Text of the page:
I know I'm late to the game, but I just signed up for Twitter (find me there under "uselesstree"). It is, right now, quite a distraction: a new source of numerous items and commentary on China in both English and Chinese. Perhaps it will become another sort of information filtering device, or maybe it will simply overwhelm me with too much data....
As I set up my "following" list, composed heavily of China-based journalists and bloggers and academics, I couldn't help wondering if this was indeed a good thing, this opening myself up to ever more information. My first impressions have been positive. While I listened to a live audio stream of Biden's talk at Sichuan University, I was able to monitor the simultaneous tweets from journalists in the room with him, producing an eerie sense of propinquity. And then, shifting my attention, watching the torrent of tweets about Libya scroll by, I felt closer to the news then ever before.
But, ultimately, so what? What real difference does it make if I know certain details sooner than I might otherwise have known? And what of all the rumors and chatter that pour in?
As is my wont, I starting thinking in Daoist terms, more particularly: what would Zhuangzi tweet?
Of course the first answer - because it seems to always be the first answer of Daoism - is "nothing." The Daoist case against Twitter would start with an assertion of its utter inessentiality. As the Daodejing tells us (passage 47): "You can know all beneath heaven though you never step out your door, and you can see the Way of heaven though you never look out the window." By extension, being more widely connected with the world though electronic media does not tells us anything more fundamental about the rhythms of Way and the human experience within Way than we can glean from our most immediate and mundane surroundings. Similarly, in Chapter 5 of Zhuangzi we are presented with a series of wise men, worthy of emulation, who are detached and silent and isolated. Here's an example:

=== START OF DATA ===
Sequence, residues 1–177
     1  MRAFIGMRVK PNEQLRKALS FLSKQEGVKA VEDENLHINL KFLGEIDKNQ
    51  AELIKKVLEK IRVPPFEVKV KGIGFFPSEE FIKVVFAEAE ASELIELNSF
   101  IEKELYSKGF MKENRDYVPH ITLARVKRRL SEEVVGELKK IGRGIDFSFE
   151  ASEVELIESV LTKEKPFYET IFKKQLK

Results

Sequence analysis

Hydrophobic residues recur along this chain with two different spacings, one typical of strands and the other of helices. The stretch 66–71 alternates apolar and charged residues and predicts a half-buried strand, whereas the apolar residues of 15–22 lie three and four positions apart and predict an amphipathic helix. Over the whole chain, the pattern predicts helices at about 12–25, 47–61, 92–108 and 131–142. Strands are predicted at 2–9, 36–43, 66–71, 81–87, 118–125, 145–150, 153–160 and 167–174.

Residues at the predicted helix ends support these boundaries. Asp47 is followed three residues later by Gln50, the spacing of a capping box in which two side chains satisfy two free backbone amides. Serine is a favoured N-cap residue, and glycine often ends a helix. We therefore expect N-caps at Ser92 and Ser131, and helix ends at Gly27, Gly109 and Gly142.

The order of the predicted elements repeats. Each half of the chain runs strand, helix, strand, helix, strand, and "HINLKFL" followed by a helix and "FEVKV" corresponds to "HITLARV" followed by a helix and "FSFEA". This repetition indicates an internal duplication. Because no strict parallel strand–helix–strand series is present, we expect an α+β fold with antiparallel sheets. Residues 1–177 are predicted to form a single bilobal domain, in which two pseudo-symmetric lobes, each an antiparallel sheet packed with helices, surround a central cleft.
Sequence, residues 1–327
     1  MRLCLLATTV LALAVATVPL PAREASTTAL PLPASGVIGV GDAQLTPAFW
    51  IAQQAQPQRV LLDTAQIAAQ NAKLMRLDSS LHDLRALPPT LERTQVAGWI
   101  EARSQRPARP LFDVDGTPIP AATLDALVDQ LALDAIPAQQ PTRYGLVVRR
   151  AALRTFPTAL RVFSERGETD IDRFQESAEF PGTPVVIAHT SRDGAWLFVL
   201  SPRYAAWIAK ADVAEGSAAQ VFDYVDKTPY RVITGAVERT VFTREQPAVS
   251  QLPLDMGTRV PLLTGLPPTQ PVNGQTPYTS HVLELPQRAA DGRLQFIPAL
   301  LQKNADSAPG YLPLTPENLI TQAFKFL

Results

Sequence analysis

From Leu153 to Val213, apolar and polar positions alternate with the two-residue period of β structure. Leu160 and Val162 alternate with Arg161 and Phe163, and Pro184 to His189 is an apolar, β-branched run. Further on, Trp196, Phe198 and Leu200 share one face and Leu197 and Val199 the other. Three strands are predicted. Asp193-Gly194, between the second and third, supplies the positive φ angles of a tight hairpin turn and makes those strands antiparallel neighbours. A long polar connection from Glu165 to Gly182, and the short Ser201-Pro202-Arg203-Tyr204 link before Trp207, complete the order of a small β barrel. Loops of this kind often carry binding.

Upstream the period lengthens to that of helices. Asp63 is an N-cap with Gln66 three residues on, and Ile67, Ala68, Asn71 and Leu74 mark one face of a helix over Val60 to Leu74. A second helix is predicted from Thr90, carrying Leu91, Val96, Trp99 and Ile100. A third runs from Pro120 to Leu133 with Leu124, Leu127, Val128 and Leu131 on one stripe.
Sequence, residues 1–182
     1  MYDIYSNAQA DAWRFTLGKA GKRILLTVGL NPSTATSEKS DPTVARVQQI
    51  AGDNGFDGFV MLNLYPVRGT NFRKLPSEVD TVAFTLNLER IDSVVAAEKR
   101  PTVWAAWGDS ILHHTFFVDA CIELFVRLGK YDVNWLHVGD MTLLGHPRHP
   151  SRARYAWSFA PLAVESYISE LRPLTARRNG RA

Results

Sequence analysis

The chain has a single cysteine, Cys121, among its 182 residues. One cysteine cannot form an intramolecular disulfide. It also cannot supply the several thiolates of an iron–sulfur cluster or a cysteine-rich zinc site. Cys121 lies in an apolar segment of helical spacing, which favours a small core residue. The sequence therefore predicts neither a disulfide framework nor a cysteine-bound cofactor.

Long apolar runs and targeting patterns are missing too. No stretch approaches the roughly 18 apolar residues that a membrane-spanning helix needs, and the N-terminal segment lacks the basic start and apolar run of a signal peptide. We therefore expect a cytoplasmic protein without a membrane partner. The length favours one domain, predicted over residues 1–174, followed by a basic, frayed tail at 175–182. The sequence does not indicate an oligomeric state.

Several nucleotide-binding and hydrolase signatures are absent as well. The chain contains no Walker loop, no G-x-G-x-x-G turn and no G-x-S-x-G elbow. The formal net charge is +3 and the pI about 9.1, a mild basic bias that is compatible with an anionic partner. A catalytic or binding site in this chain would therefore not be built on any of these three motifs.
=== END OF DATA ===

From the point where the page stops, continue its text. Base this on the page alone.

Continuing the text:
No one ever heard him say anything interesting; he just agreed with everyone else. He didn't hold high office, so he couldn't help desperate people. He wasn't a man of means, able to fill people's bellies. And he was ugly enough to shock the entire world. He was agreeable and never interesting, understood nothing beyond his everyday world - and still, men and women flocked around him. He was unlike any on I'd ever heard of....(73-74)
A guy like that doesn't tweet. There's no need to tweet: he doesn't know, and doesn't want to know, anything interesting beyond his everyday world. He is an informational hermit. And, to the extent that Zhuangzi is holding this sort of person up as a positive example of how to live in Way, we might conclude that Zhuangzi, too, would not tweet.